It appears the high cost of living being experienced in the country is not leaving anything to chance, with water prices also set to increase in Nairobi.
The Nairobi City Water and Sewerage Company (NCWSC) has applied to the Water Services Regulatory Board (WASREB) to raise tariffs citing rising costs in delivering the water to residents.
In a gazette notice on Friday, WASREB said NCWSC, a fully-owned subsidiary of the Nairobi City County government, had applied for a regular tariff review ‘to enable the water utility to operate at full cost recovery and meet conditions necessary for improving service delivery’.
“Notice is given to the general public that Nairobi Water which provides water services by authority of a licence issued by Wasreb has applied to the Wasreb for a regular tariff review,” said the Authority.
The tariff reviews are usually done every three years, and the new tariff is expected to run for the next three-year cycle from the financial years 2022/23 to 2024/25.
Nairobi Water wants to raise the cost of water for small households and residential apartments that consume less than six cubic metres (m3) monthly from the current Sh34/m3 to Sh45/m3.
Those who consume more than 300m3 of water each month will pay Sh80/m3 up from the current tariff of Sh64 for the same quantity.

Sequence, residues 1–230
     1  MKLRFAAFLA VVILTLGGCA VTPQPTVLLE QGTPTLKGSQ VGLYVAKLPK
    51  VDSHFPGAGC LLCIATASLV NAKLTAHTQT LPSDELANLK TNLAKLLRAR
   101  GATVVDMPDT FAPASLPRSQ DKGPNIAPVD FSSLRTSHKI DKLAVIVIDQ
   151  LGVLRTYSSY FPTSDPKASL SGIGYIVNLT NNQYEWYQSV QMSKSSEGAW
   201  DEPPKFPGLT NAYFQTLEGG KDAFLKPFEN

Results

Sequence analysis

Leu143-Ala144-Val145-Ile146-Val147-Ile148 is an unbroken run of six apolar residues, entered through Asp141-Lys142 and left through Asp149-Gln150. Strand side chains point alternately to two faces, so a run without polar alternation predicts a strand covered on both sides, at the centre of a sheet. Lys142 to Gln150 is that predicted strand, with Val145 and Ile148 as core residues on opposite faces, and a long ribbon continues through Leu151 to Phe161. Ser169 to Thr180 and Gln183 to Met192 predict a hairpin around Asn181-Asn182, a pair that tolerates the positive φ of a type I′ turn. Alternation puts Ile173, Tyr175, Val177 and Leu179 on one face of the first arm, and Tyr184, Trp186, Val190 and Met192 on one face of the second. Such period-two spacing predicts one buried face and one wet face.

Multi-dwelling units and gated communities, that currently enjoy a subsidized tariff of Sh53/m3 will now be paying Sh67/m3.
Prices for Bulk water suppliers and Water Kiosks will rise by Sh2/m3 to Sh32 from Sh30, and Sh22 from Sh20 respectively. This is aimed at cushioning city dwellers who lack access to piped water and other water-starved areas of the city that rely on supply from bowsers and water kiosks.
Should WASREB approve the tariffs, Nairobi Water will be expected to increase water coverage in Nairobi from the current 82 percent to 85 percent within three years, improve water quality from 91 percent to 100 percent, and lower the ratio of water it supplies without deriving revenue from it to 41 percent from 46 percent.
Nairobi Water intends to use part of the revenue from the higher tariffs to pay loans from lenders such as the World Bank and the African Development Bank of Sh78.5 million due for payment next year, Sh78.1 million due in 2024 and Sh68.4 million in 2025.